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Today's Story by Rory Fleming

You’re a witch doctor, or should I say “were?”


When I think of deserts, I think of scorpions, serial killers, and highway movies.  I think of depressed little border towns with dreams dashed like old cigarette butts.  Then I think of you.

I was back from my unsuccessful stint as a witch doctor in Mexico, and I was looking for a place to stay, a new profession, some way to stay put on my feet.  There I was—wandering the patchy sand of the non-lawns of El Paso, walking the perfectly flat strip with faded signs for Texaco and brand new billboard for In-N-Out Burger.  I was looking for a bar, a hole in the wall kind of place, the closest thing to a Western saloon.  And when I stumbled inside one, you were waiting for me.  Your jet black hair only the chicas could have and I felt home again.  We ended up in bed together that night.  You were about to give me your number when I confessed that I didn’t have a home or a cell phone.  Then you offered to take me in.

“Under one condition,” you said.

And I asked what the condition was.

“You have to satisfy me when I ask you to.  In the ways I ask you to.”

It sounded great at the time.  A roof over my head and all the free sex I want.  I didn’t leave the house that day.  I waited for you to come back from wherever you were, so I could ask for your name.

I watched the sun go from nonexistent to full force back to slivers on a fading night sky.

Right before the pitch black night, I heard the door creak and I turned around.  You ran for me, into my arms, and I caught you in mid-air.  Things got heavy quick.  We crawled into your room as we peeled the clothes off each other.  Our sweating naked bodies glistened under the boring light of the plastic piece overhead.  There was no fan, no air conditioning, because you couldn’t afford that.  But I wasn’t complaining, just waiting to plunge in.

Then you said something weird to me.

“You must think I’m easy, but I only picked you because I saw the ring on your left hand.  You’re a witch doctor, or should I say “were”?”

You were talking about the insignia on my ring finger.

“What was your ability, Raul?”

You probably told me your name too but I didn’t remember it.

“Shapeshifter,” I whispered, my sweat growing cold.

Your face contorted into the most grotesque smile I had ever seen, like you were trying to intimidate me with the ecstasy you were feeling.

“Use it on me.”


“Do anything.  Just destroy me.”

I turned into a lion that night and licked you with my giant tongue and ravaged you with furry hind legs.

The next day you had problems walking out the door when you were wearing your clothes.  I guessed they were work clothes.  I never knew where you worked.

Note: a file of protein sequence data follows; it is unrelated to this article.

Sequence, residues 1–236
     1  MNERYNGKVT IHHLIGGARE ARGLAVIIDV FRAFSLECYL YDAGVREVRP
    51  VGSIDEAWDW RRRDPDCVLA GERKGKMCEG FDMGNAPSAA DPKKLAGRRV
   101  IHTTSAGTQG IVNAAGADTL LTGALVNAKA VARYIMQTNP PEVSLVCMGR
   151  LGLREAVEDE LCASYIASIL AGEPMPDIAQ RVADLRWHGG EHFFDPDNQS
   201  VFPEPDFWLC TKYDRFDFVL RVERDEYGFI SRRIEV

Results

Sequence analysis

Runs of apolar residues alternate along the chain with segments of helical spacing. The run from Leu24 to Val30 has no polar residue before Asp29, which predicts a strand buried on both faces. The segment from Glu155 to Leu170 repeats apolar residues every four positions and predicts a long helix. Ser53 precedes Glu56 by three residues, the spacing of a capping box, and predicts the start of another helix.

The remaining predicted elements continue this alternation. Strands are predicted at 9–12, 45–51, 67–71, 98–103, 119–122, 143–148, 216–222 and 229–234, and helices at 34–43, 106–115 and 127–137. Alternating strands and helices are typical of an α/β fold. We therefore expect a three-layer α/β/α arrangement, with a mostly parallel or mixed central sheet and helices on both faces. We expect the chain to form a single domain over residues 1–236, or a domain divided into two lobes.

When you came home it was very similar.  We got to a certain point and when you were worked up enough I could see it in your eyes and I knew you were going to ask me.

“Do it now.  Something better this time.”

So I chose a pterodactyl.  I figured it would get edginess points for being extinct, rugged, and able to fly.  You liked it a lot.  I could see based on the way you were grinding into my scales.  I dcould see you tear up when I did it while drifting off the bed with wings aflutter.

It ended all too soon with you.

The sky was bleached with oranges and reds in a blender together, swirling around the setting sun.  I was sitting around on your laptop at home, reading about sunsets and how the most beautiful ones are the product of pollution.  Then when I looked out the window again I felt like the allure was artificially cut from my mind.

You came home soaked in perspiration and with a mad look in your eye, like something went wrong.

“Did something happen to you?” I asked.

You put your finger to your lips and tackled me to the ground.  Sitting on my stomach you told me that something very bad happened today, that we may be need to move soon to be safe, but that you wanted to christen this place one more time, with me.

“So you better make it count, Raul, or I’ll leave you here and find somebody else,” you stated with this blank look that made me believe you.

I remember thinking something must have broken in there, so it must have been serious.

We went to the bedroom and when things escalated enough I stopped with your naked body shivering under me, and I focused all of my energies, both the experience and pain from my past life, into my gut until it got compacted into a heavy ball of light.

When I entered you, I exploded.

When I woke up, you were gone.  It didn’t take me long to find to find the puddle of viscera I was lying on.  It felt smooth and soothing in a peculiar way until I realized it was you.  I knew I had to find a way out.  But I went to your dresser instead, frantically pulling everything out of it, and then went to your desk and did the same thing.  I needed to find out who you were, who you were to everyone outside in the world.  There was no time though.  I took a speedy shower, threw the only men’s clothes I could find in the place, probably an ex’s, and bolted back into the streets.

It brought me relief that I would at least find your name in the obituary.  It brought me some kind of hope.  Then hopefully I would have the strength to leave this place behind.


Rory Fleming is a writer of fiction and soon-to-be law student.  He is convinced that there is a underlying fluid truth with subsets of fictitious “stable” truths.  One can or will be able to find his work in publications such as The Speculative Edge, Eunoia Review, and Thousand Shades of Gray.  One can also find his musings here:   http://mehuggingspacecarrion.wordpress.com/.


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